Invisible, tasteless, odourless, and poisonous. Carbon Monoxide (CO) has earned its reputation as the silent killer.
To help raise awareness about CO safety, the Government of Saskatchewan has recognized November 6-10 as Carbon Monoxide Awareness Week.
“This week is dedicated to ensuring the people of our province know how to protect themselves and their loved ones from the dangers of carbon monoxide,” Minister Responsible for SaskEnergy Dustin Duncan said. “A working CO detector can alert you to danger before physical symptoms appear, which is why our government made CO alarms mandatory in all buildings with bedrooms, regardless of when they were constructed.”
Since July 1, 2022, a CO alarm has been required in Saskatchewan residences on each floor where there are bedrooms—either installed inside each bedroom or in the hallway within five metres of the bedroom doors.
Installing a CO detector is crucial to avoid exposure to the deadly gas. Another essential step is ensuring detectors are working properly.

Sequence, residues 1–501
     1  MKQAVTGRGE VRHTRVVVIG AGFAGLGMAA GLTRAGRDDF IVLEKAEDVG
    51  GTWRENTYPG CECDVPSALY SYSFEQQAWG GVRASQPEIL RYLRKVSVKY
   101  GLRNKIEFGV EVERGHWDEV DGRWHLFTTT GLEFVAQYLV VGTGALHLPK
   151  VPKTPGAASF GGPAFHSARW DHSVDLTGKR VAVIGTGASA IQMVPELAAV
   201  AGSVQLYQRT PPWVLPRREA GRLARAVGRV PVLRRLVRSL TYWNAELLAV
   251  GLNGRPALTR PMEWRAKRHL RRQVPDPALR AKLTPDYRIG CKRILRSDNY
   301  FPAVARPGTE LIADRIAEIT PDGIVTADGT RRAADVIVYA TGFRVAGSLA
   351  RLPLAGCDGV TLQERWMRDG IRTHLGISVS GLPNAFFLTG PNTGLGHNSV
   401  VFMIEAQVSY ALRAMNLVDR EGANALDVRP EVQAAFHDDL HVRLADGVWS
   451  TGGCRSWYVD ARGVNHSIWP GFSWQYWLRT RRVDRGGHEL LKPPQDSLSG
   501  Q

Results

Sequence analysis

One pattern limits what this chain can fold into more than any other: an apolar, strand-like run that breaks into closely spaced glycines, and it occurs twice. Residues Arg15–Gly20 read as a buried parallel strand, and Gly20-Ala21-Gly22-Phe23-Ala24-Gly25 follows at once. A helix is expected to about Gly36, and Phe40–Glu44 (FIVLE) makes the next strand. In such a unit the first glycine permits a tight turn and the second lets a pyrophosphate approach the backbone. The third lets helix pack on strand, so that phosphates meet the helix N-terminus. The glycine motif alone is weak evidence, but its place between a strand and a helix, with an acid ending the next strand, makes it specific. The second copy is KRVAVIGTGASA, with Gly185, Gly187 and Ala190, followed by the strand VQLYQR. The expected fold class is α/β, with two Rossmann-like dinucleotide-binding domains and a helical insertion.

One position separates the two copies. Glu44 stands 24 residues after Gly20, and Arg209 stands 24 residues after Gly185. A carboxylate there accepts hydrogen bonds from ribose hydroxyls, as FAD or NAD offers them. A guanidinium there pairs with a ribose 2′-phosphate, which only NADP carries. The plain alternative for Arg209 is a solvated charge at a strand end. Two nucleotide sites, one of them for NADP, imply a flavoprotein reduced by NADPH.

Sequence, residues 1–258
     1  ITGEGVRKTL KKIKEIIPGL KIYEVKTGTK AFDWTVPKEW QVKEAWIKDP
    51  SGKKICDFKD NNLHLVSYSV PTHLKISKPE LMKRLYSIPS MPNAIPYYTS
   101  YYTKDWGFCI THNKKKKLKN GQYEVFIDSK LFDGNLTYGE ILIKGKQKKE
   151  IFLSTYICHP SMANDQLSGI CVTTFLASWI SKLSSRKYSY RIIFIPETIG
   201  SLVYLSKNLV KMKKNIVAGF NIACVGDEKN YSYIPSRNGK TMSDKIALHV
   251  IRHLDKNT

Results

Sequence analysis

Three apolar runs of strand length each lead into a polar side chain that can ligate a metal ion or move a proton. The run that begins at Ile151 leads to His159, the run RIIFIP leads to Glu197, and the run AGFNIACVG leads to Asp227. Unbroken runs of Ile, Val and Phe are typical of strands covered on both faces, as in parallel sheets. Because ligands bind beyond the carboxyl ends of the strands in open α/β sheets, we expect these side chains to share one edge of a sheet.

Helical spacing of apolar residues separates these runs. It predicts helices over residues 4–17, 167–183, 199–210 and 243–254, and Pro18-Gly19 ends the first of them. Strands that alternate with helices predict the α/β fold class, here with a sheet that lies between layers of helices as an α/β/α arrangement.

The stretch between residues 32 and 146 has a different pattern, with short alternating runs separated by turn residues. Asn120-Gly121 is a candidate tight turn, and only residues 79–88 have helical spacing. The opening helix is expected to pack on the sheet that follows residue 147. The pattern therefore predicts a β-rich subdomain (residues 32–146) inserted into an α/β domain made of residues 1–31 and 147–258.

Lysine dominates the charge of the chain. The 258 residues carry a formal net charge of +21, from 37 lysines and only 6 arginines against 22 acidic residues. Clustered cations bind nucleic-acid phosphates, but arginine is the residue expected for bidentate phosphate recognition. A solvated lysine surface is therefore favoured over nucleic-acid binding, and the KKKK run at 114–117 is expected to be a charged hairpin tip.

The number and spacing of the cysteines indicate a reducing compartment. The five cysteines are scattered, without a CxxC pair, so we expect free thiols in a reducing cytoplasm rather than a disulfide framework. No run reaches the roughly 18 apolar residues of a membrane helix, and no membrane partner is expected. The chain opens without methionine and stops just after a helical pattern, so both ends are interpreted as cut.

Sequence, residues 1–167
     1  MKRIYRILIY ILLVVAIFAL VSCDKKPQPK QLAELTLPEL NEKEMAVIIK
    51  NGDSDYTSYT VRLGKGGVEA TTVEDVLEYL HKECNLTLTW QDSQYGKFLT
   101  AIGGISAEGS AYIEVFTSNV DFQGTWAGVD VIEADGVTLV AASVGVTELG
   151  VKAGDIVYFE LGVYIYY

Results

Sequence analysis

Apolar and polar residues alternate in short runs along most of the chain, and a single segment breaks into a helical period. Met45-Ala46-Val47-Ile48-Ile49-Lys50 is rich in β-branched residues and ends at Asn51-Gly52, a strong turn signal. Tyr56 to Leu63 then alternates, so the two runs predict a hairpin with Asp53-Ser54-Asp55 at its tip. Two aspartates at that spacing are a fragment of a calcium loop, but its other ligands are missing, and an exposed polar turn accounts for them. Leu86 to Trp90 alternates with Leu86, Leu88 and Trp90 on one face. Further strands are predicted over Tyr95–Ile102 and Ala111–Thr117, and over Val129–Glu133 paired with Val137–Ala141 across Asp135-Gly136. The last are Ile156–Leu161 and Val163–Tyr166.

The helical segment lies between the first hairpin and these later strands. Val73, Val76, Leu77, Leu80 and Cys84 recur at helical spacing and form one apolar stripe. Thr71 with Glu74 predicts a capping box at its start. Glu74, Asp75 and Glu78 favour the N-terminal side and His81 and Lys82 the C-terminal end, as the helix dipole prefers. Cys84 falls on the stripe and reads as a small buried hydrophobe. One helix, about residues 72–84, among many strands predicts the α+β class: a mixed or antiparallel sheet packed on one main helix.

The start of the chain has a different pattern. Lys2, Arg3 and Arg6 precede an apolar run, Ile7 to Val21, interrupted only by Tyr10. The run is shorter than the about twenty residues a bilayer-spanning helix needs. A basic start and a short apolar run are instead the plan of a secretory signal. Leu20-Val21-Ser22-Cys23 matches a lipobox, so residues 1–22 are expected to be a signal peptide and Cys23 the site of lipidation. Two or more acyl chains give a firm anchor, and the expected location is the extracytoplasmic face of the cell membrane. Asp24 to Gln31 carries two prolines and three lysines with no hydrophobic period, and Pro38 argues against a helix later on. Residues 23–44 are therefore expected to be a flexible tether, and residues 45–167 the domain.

“The best thing to do is frequently test your detector and become familiar with it,” said Kurtus Reiber, a gas inspector with the Technical Safety Authority of Saskatchewan (TSASK). “Test the alarm once a month and remove any dust or pet hair. Remember to check the expiration date, which is typically five to seven years. If it has batteries, replace them as recommended by the manufacturer.”
Outside of the home, Reiber recommends checking chimneys and vents to ensure they remain free of ice and snow and performing regular maintenance on fuel-burning appliances such as furnaces, stoves, dryers, water heaters, and fireplaces.
Physical symptoms of low to moderate CO poisoning include confusion, nausea, headaches, blurred vision and drowsiness. Symptoms of serious exposure include vomiting, loss of consciousness, chest pain and shortness of breath.
“If you think you are exposed to CO, get fresh air immediately. If you feel the exposure is severe, call 911 or seek medical attention,” said Chris Stinson, SaskEnergy Service Technican. “If your CO alarm goes off, contact SaskEnergy to check if there is indeed a CO issue in your home or building. Fire departments are another resource that will respond to CO calls. Follow any instructions given to ensure the safety of all occupants.”
To learn more about carbon monoxide alarm regulations and where they should be installed, visit www.saskatchewan.ca/smoke-co-alarms.
For media inquiries, please contact Media Relations.